College Park is the newest hotspot for thriving, black-owned restaurants

A trio of businesses has converted Main Street into an Instagram-ready destination

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Juan and Gee Smalls at Virgil’s Gullah Kitchen and Bar
Juan and Gee Smalls at Virgil’s Gullah Kitchen and Bar

Photograph by Eley

It’s a Wednesday night in College Park, and, based on the energy level at a couple of recently opened restaurants, hump day is the new Friday. At the Real Milk & Honey, an all-day brunch spot from Chopped: Redemption–winning chef Sammy Davis, a standing room–only crowd is chowing down on Crown Royal peach cobbler French toast and Southern fried catfish with creamy grits. They snap selfies and shimmy to the sounds of a DJ. Next door, at Virgil’s Gullah Kitchen & Bar, a karaoke-night crooner holds his microphone out so customers can back him up on the chorus of Erykah Badu’s “Tyrone.” The whole room seems to sway.

If you’re looking for a relatively quiet dinner, you’ll need to pivot one door south, to Soul Crab ATL, the second restaurant from Greens & Gravy chef and social-media star Darius Williams. At Soul Crab, the real party starts on the weekend. That’s when diners can sing along to R&B tunes played by a DJ while sipping Kool-Aid cocktails and plunging into Williams’s seafood-with-soul dishes.

A Soul Crab bartender smiles while making a cocktail and people are laughing around the bar
The weekend vibe at Soul Crab

Photograph by Eley

A woman dancing to music at the Soul Crab bar
At Soul Crab, patrons can order Kool-Aid cocktails and sing along to the DJ’s R&B-heavy rotation.

Photograph by Eley

Welcome to College Park’s reborn restaurant row, where a trio of black-owned businesses has converted a once-quiet strip of Main Street into an Instagram-ready destination. The transformation has taken less than a year: Soul Crab opened in December 2018, followed by Virgil’s and the Real Milk & Honey over the summer.

The proprietors attribute their success to a perfect storm of real-estate availability, community enthusiasm, savvy social-media marketing, and a more-is-more attitude among patrons looking for multiple dining options in close proximity.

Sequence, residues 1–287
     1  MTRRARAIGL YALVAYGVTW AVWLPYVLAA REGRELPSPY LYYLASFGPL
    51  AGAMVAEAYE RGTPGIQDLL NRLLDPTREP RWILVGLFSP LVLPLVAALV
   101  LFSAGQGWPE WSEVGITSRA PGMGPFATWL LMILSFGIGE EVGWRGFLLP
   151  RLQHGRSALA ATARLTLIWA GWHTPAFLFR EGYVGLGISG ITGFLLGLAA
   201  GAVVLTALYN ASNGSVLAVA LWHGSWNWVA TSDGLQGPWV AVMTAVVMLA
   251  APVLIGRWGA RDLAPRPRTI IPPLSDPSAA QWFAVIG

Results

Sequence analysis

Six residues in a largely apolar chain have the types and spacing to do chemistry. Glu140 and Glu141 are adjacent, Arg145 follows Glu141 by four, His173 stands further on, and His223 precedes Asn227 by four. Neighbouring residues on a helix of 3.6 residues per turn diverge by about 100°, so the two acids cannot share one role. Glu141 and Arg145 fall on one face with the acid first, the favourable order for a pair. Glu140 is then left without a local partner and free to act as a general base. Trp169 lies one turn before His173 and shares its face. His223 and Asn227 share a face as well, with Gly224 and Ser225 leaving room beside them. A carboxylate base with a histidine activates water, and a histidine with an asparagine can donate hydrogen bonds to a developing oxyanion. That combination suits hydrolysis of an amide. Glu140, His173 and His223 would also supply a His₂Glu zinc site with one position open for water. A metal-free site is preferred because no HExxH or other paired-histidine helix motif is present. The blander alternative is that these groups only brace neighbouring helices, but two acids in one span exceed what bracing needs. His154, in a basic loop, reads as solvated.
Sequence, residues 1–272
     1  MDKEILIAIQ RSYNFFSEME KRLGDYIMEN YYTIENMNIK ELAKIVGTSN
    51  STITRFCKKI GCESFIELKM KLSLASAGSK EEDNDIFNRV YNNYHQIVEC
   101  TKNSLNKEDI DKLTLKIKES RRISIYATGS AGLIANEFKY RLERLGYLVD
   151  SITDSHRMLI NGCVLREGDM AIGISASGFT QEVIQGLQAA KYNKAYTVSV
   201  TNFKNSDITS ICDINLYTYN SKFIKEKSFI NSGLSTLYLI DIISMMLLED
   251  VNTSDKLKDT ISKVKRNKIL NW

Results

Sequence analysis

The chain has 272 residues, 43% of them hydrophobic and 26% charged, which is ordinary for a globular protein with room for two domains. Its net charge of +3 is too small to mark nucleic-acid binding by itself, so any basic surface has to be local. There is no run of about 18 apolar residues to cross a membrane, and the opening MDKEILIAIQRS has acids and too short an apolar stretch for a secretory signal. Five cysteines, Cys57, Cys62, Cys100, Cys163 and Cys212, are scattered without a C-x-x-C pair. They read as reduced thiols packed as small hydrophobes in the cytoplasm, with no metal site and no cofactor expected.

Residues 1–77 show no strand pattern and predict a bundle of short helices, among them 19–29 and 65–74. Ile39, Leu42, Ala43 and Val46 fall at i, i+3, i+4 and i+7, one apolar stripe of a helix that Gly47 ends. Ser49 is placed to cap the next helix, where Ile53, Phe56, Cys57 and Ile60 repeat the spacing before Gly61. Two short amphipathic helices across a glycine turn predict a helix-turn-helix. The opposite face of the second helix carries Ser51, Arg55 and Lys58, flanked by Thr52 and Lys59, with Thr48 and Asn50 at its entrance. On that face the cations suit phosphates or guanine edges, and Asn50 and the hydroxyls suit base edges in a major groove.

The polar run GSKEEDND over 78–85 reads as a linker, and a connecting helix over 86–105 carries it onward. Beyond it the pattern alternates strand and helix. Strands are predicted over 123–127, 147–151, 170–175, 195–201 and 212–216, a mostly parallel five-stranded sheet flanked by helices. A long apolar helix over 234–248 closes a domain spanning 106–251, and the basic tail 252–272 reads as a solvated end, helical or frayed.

“There’s something to be said for the food-court model of business,” says Williams, who launched a second Soul Crab in his hometown of Chicago in August. “There’s something attractive about a cluster of restaurants being all in the same space.”

“All the people I saw cooking on TV did not represent who I was. That’s the core reason why I do a lot of what I do.”

After cultivating a robust social-media following around his soul-food cooking demos (with 317,000 Instagram followers and counting), Williams opened his first restaurant, Greens & Gravy, in 2017 in Westview—a neighborhood now home to another impressive cluster of black-owned restaurants. When Williams realized the Atlanta market was short on restaurants combining seafood and soul food—or crabs and collards, as he likes to say—he came up with the plan for Soul Crab. “My business model is to sort of be the underdog,” Williams says, “to serve a space where something wasn’t in existence.”

Today, Williams has 120 employees on the payroll, nearly all of them black. “When I was coming up, there was nothing for me to gravitate to or hold on to that looked like me,” says the 37-year-old, openly gay chef. “All the people I saw cooking on TV did not represent who I was. That’s the core reason why I do a lot of what I do.”

Soul Crab's fried chicken, mac and cheese, and other dishes spread out on a table
A Soul Crab spread

Photograph by Eley